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Hometown Pride: Wavis Jordan

Wavis Jordan moved from Cape Girardeau to Jackson 16 years ago. He likes the small town community feel.

“I like how they do things around here,” he said. “Veteran’s Day, Memorial Day and band festivals; I like going to them. Jackson has a lot of good events.”

 Jordan interacts with folks in the community wherever he is. He is just a friendly person.

“I’ve gotten to know and meet people through different events, and that’s what I like. This is my town and my community.”

 Among some of the churches Jordan has preached at are First Presbyterian Church, Emanuel United Church of Christ and Shawnee Hills Baptist Church.

Jordan, a member of New McKendree United Methodist Church, spends a lot of time as a volunteer at the YFi Youth Group there. And although he has family in Cape Girardeau, St. Louis, Mississippi and Tennessee, he regards the New McKendree congregation as family — his church family.

Jordan’s connection with youth does not end there though. He works at the Jackson R-2 School District as a security officer and door greeter. “I love my students. I like keeping the students and staff safe. If students have problems, I want to be there for them. If bullying occurs or if students are just needing to talk, I want to be there for them. Sometimes I just get them to the principal or counselor.”

“My goal is to give a student a high five, tell them to have a good day, stuff like that. Some are just shy. I want to help them to feel at ease. Sometimes all it takes is five minutes to talk or just listen. I eat lunch with the students, and the ones I don’t know I get to know.”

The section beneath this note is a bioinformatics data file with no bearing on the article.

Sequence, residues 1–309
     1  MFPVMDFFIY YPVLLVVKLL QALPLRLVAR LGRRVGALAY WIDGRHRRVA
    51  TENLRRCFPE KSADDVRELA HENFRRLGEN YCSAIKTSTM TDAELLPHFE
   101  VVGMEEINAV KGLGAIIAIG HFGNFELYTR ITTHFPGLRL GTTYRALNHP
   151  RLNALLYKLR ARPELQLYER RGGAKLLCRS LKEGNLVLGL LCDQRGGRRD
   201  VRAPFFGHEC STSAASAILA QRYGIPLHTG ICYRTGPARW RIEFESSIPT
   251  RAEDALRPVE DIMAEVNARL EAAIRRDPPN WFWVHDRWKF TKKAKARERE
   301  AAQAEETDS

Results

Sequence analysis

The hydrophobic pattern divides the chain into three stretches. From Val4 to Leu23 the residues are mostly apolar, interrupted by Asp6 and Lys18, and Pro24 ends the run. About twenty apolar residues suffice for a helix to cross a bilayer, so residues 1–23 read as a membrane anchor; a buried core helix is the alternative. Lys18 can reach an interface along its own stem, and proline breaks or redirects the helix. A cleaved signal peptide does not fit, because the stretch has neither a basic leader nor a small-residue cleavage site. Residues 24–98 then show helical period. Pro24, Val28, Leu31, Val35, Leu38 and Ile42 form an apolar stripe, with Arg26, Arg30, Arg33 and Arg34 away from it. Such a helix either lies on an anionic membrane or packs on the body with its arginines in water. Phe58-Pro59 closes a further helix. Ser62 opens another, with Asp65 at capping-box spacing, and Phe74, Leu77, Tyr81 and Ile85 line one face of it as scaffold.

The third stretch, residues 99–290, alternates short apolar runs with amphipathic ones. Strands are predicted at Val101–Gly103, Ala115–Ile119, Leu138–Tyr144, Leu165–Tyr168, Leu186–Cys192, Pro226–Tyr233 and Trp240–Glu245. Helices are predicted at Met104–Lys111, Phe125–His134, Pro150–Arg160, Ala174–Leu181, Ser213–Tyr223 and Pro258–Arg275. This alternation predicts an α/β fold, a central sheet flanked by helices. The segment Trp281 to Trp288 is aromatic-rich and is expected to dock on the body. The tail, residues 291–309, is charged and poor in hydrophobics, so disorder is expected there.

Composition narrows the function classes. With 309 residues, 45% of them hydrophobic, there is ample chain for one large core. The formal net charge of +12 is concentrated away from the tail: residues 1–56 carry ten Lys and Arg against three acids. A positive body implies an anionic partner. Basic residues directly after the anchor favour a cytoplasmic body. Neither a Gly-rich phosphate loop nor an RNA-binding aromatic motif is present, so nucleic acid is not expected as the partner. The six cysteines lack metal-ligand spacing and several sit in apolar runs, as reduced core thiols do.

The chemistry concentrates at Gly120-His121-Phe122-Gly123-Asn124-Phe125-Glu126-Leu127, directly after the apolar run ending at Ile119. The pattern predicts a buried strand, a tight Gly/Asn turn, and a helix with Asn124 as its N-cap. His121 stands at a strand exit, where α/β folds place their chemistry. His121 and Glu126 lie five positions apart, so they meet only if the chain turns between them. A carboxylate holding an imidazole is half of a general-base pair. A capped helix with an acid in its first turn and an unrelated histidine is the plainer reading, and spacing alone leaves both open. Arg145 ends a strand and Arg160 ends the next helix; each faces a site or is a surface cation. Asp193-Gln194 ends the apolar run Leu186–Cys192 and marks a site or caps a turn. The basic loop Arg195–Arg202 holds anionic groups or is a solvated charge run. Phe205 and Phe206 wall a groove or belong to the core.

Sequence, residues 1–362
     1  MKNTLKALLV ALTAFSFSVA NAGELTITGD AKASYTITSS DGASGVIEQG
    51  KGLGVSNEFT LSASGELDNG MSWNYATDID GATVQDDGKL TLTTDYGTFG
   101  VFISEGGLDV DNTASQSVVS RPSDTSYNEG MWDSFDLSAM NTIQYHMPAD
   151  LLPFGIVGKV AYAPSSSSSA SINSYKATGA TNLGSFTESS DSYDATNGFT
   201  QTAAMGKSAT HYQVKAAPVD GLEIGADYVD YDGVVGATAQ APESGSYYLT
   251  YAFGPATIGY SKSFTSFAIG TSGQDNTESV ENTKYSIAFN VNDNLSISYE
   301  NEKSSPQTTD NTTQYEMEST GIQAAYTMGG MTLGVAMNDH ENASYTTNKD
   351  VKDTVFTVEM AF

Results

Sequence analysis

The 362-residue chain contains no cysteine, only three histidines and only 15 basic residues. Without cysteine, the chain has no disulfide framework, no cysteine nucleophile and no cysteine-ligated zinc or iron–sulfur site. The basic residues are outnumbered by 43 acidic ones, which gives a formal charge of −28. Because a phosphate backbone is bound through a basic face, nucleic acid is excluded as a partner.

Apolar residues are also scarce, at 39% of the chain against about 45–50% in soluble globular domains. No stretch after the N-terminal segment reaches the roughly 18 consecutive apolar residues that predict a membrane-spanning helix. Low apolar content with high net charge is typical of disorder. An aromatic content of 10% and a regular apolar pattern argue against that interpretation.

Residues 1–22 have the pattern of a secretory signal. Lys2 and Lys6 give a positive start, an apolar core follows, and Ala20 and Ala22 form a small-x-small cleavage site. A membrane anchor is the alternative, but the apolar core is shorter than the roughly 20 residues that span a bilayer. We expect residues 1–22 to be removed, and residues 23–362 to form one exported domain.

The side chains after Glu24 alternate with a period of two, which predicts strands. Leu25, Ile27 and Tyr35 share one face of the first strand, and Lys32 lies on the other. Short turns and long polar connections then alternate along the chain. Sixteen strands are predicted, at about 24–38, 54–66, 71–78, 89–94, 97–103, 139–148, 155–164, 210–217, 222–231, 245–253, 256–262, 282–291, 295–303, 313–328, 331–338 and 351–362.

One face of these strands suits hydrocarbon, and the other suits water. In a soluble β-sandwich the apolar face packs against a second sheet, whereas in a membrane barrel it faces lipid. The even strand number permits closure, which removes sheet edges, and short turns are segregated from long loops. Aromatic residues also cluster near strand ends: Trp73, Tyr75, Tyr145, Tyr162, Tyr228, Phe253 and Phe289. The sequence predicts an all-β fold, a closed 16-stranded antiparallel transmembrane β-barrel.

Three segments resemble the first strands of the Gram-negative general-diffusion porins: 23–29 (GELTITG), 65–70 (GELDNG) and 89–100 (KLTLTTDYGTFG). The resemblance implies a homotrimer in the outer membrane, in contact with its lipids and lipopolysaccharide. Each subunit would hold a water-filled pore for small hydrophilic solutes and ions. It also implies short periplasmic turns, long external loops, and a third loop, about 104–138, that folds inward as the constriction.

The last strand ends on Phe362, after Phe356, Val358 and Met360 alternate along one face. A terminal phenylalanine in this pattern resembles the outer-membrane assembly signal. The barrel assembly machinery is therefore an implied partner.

Jordan also enjoys the company of adults as well. Some of the organizations he belongs to include the NRA Committee, the Republican Central Committee; he is president of the SEMO Pachyderm Club. “I like to build relationships and friendships,” he said.

Being around people is just part of his identity. Just this year Jordan became a volunteer at St. Louis Iron Mountain & Southern Railway. “I played Frosty the Snowman three to four times a week and some Sundays after church. I plan on doing it again next year.”

Some of Jordan’s most favorite things about Jackson are that people treat you like family. “It’s nothing for people to just come up and give you a hug.”

Two years ago when he experienced a major diabetic incident, Jordan discovered just how far people in the community would go to help him get the help he needed and to check on him afterwards. When Jordan was not answering his phone, caring folks in the community got concerned and Jackson Police Department as well as the Cape County Sheriff’s Office got involved. After pinging his phone and locating him, Jordan said the Cape County Sheriff’s department escorted him to Southeast Hospital where he received care.

“They even called my mom to tell her I was sick and stayed with me in ICU till she could come. For a couple of weeks the police, sheriff and pastors from lots of churches came to see me or called or sent cards. It really touched my heart,” he said.

Jordan is working on turning strangers into friends. He said, “All the people I don’t know are the ones I want to get to know.”

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